1. sarahc

    sarahc Registered User

    Apr 4, 2004
    My mother has multi-infarct dementia and has been in a wonderful home since July 1st. My father passed away in June - a fact she is unable to take in. She keeps asking for him and telling me he 'will be coming soon now in his car- there must be a lot of traffic'. She has never really settled in the home depsite the best efforts of the staff. She constantly packs up all her things (clothes, pictures, photos ornaments) and waits by the door trying to get a taxi to go 'home' to her husband. When I phone to say I will visit say on Tuesday, she says ' Oh I don't know if I'll still be here on Tuesday '...Yesterday apparently she got into the home's hairdressing salon and phoned '999' teling the police she was being kept against her will. Luckily, they phoned the home who explained abut the dementia etc. I'm sure 100s of you must have witnessed this phenomenon - ie 'wanting to go home' - but it breaks my heart as it means she is not happy. Do any of you have any tips as to how to deal with it ? - either to make her (or me !) happier. Do people tend to settle down ? The thing is she has days when she is actually quite lucid and on these occassions she must think 'what on earth am I doing here ?'. I would appreciate any tips/thoughts ....
  2. Kriss

    Kriss Registered User

    May 20, 2004
    Aunty has multi-infarct dementia too. She moved directly into a home after a stay in hospital in April so thinks she is convalessing. Every now and then she asks me "whats happening now" and "how long" but she has severe difficulty with speech and can't hold the thread to keep the conversation going.

    I am filled with sadness when this happens as it must mean she still wants out. I'm told that she never stops walking the corridors during the day and many nights is unsettled. She carries personal effects such as photo's and letters and her tv remote with her. Different items keep turning up a week or so after we think they are lost for good.

    She did have a telephone in her room up until a couple of weeks ago but she also dialled 999 on one occasion too many so we had to have it taken out. Fortunately she does not appear to have missed it and I'm not sure if she rang for "help" or whether she was just pressing the buttons at random.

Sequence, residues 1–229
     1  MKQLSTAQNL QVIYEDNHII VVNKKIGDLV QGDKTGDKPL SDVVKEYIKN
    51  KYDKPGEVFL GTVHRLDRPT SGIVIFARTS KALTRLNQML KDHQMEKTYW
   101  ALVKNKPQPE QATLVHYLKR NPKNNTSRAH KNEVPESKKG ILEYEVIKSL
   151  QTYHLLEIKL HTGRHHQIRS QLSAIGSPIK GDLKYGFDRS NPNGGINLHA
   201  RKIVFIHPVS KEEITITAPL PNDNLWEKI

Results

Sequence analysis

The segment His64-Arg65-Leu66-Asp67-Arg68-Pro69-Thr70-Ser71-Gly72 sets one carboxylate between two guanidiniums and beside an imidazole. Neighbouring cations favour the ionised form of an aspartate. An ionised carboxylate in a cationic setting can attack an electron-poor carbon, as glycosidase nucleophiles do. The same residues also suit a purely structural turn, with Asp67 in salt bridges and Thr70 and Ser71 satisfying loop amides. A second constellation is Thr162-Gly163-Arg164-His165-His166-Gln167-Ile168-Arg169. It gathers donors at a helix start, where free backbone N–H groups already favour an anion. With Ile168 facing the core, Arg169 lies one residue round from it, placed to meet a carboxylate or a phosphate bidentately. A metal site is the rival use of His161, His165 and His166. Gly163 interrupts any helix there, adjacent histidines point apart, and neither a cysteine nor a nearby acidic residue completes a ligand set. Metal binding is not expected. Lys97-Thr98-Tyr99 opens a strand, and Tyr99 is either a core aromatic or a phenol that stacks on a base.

When we visit she will sit still with us for a while but I believe that she leads some of her visitors a merry dance around the building (however the staff are convinced that this is a deliberate ploy to try and shake them off!).

    I now have a stock reply at the ready should she catch me off balance with the what and when questions - "you must ask the doctor when he visits" and then quickly move onto another topic -but its so hard.

    I find myself wishing that the AD will progress to the next stage where she won't be in this awful twilight zone of sometimes knowing but not knowing if you can understand that. Then of course I feel awfully guilty to have even had the thought.

    Hang on in there - we are at least at a stage where we have been able to get her out occasionally and are now not too concerned about her "wanting to go home" and not wanting to go back - I think the short term memory has removed the sense of time from the equation so she may not realise just how long she has been there.

    As someone else said once - onwards and downwards

  3. Sheila

    Sheila Registered User

    Oct 23, 2003
    West Sussex
    Dear Sarah, I have to agree with Kriss, it is a phase she is at. It is more painful for you than her as she constantly forgets it all. My mum did this so much I ended up on the phone in floods of tears, to her psychiatric specialist on more than one occasion. His sugestion, (and it did help!) Say you will deal with it tomorrow...............!! Love, She. XX
  4. frazer

    frazer Registered User

    Sep 9, 2004
    Hi Sarah, we have had this with dad too. He went from hospital to a nursing home for respite. Somehow he has decided to go to scotland - where he lived 60 years ago - he is constantly packing stuff up, has given written notice to the home that he is leaving, and whenever I visit he is ready to go! Kriss & Sheila are right, your mum will not retain this thought in the way you would. We find a distraction, a new subject, or a confident "we will look at that tomorrow" is enough to satisfy my dad, and then he's perfectly happy until the next time. It feels very harsh at first, but there is no benefit in trying to negotiate or reason - it just prolongs the situation. Guilt is a big issue, but you can't afford to take its calls! That's where i have found this site so helpful. You are doing a good job
  5. Kriss

    Kriss Registered User

    May 20, 2004
    Hello again Sarah

    I should have added that when Dad was at home (home for 30 years) he was always packing up to go "home"! His other destination was "work" - although retired for 10 years plus.

    That was even more difficult to cope with. Mum couldn't sleep properly for fear she wouldn't hear him wake and get out.

    I guess you could use the similar delaying tactics that we used - "the taxi man just rang to say he would be late - lets have a cuppa while we wait" etc

    The standard practice was to Delay, Distract and Divert. Deception seems to be the overall answer!

    Dad was obviously "unhappy" to not get to go where he wanted to go at that point in time but I'm certain that most of the time he was happy to be with us. Your mother is probably the same - she is unlikely to be unhappy 24/7 but we get to focus on the negatives don't we.

    Keep swallowing hard and try to brazen it out.


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